I had the AK off-suit and was playing in a heads up (me vs. one other player) cash game. The blinds were .50/1.00, and we both started with the maximum allowed ($100). I came in for a raise of $3 with AK and was re-raised by the villain to $10. Usually when talking about hands, we are the “hero” and the player against us is referred to as the “villain.” Yeah, ain’t it cool?
As I’m facing the $10 raise, I only need to call $7 in a pot of $13 with AK heads up. It’s obviously a call at the very minimum, but as I’m thinking of raising, I think to myself, “How can I get the maximum out of this hand?” Calling is the answer here, as he could have anything yet and my range can still be decently wide as well, by just calling, whereas if I re-raise again, it’s pretty clear I have a great hand, and he can fold if he has nothing. So I call the $7 and think of letting him take control, hoping I can hit a little something to help.
The flop (the first three cards dealt out on the board) brings me 8 K K with two diamonds. Basically, I’ve got this hand already locked up. But, remember, we’re not trying to win the $20 in the pot, we’re trying to win the rest of the villain’s $90. You would think a check is in order here, giving him the lead, as I originally planned, but instead do the opposite: I lead on the flop for $10! A simple bet, nothing too big at all, but on the surface it screams stupidity, as I have three Kings with an Ace kicker. Lest we forget, I’m playing for it all, so I’m playing a meta game, in which I’m trying to think what he’s thinking.
My lead on the flop is me trying to portray someone taking a stab with Ace high, a middle pair maybe or even a flush draw. Because in a heads up game, no one would lead on that flop, right? Exactly. He bites, and re-raises me again, this time to $30. I think for awhile, feigning someone who is deciding on continuing with the hand or folding. Again, by shoving, I get worse hands to fold, so I just call again.
The turn (fourth card dealt) brings the 5 of clubs, now putting two clubs out there as well. My plan here was to check and then call his bet, then go all in on a safe river. Instead, he foils my plan by checking back on the turn. Very smart on his end, I will say. He seems to be playing things the way I would have, as I can’t put him on a hand yet either.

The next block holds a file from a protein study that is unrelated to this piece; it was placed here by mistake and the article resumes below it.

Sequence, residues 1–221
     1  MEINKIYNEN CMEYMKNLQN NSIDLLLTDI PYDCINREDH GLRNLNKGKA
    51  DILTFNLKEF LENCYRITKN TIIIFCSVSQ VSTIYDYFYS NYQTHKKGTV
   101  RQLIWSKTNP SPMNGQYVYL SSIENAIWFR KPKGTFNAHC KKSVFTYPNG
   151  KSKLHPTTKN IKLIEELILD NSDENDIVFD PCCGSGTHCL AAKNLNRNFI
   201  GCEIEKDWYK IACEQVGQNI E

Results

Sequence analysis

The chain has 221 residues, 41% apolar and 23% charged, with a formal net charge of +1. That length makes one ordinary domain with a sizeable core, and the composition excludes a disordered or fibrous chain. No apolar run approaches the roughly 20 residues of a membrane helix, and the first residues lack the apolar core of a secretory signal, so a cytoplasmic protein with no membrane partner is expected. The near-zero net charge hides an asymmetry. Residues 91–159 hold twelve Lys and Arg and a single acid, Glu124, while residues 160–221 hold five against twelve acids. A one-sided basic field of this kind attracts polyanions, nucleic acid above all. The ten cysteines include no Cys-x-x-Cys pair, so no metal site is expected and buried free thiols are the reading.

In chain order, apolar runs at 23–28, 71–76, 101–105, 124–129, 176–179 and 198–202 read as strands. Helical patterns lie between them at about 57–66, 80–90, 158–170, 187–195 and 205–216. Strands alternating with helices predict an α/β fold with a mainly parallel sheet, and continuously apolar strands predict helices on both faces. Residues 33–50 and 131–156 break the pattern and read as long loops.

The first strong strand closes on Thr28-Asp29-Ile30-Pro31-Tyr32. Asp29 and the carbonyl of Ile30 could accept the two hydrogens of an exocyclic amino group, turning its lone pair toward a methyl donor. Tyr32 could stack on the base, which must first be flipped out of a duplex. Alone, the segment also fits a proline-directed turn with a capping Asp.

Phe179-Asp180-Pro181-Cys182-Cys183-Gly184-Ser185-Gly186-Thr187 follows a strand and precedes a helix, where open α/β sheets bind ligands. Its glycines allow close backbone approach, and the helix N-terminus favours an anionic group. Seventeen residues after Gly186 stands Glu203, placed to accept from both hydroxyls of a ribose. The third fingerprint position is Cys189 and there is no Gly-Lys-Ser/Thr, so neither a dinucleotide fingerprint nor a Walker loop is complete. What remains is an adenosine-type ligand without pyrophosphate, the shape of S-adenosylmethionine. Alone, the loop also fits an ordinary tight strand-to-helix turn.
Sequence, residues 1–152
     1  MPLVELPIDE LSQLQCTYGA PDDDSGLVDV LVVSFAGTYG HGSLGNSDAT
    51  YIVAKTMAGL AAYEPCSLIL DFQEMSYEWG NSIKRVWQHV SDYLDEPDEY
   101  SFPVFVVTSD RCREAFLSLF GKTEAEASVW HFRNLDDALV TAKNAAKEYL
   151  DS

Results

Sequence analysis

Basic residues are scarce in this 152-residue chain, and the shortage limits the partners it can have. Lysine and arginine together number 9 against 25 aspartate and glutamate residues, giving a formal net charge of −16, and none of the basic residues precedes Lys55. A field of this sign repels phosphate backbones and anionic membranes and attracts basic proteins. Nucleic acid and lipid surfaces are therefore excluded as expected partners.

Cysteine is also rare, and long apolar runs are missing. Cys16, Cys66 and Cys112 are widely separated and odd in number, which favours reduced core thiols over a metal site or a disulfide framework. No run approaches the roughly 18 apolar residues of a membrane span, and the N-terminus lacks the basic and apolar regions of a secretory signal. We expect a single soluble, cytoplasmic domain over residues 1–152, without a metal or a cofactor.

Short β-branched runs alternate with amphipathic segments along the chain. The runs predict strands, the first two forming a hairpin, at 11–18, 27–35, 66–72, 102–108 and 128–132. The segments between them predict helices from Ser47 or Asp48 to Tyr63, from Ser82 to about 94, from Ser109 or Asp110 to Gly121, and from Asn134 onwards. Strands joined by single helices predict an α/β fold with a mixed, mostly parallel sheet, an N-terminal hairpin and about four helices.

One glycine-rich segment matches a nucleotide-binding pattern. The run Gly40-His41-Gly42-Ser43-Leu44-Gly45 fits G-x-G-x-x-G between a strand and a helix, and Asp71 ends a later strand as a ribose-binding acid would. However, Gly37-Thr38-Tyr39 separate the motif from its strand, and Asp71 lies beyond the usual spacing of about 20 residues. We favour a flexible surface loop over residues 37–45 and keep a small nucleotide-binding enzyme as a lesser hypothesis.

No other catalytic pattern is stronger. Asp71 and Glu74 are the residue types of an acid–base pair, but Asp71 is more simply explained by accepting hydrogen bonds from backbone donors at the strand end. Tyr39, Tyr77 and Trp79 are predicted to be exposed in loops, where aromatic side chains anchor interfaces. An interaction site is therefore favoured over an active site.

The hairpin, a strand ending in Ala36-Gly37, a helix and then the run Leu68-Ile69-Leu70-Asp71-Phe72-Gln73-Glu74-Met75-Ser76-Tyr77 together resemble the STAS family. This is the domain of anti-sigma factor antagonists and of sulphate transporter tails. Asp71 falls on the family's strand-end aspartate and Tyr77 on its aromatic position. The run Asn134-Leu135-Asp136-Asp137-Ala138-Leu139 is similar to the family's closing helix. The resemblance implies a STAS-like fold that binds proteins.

With $80 in the pot and $60 behind each of us, we already know the river is going to get someone to put all their chips in. The river (the last card dealt) brings me the beautiful fourth King! I now have quads. Quad Kings. An unbeatable hand. No matter what he has, I have him beat. Now, do I go all in, and hope he calls or do I check, hoping he bets and I can go all in then or call his all in? I decide that he would check back most hands here so I go for the all in myself. It screams like a bluff to me, as no draws hit. No flushes, no straights, and I could conceivably have something like QJ of diamonds or Ace high or even a low to medium pair (like 6’s or 7’s).
He ends up instantly calling me with pocket 10’s and I take down the $200 pot. I hit quad Kings, yes. Most people will look at that on a surface level, but in looking deeper, you can see what it took for me to get there. He had to have a good hand in order to call that bet, yes, but I also had to play it the way I did in order to gain the maximum, against a thinking player. I thought of an alternate route to winning all of his money, instead of a little, and that’s the risk I took vs. playing it aggressively throughout the hand.
I’ve won and lost so many greater hands than that one. I’ve won five figures before and lost four figures like it was nothing. I’ve never been a “big time” player, but I’ve also never been afraid to put everything on the line when I feel it is right. I make the decisions I do with a thought process that can lead me to the greatest outcome. Well, most of the time, anyway.
Everything worked out greatly in my favor, but to me, it was everything going according to plan that meant the most to me. And that’s why, that seemingly insignificant $200 I won, is my greatest hand ever played.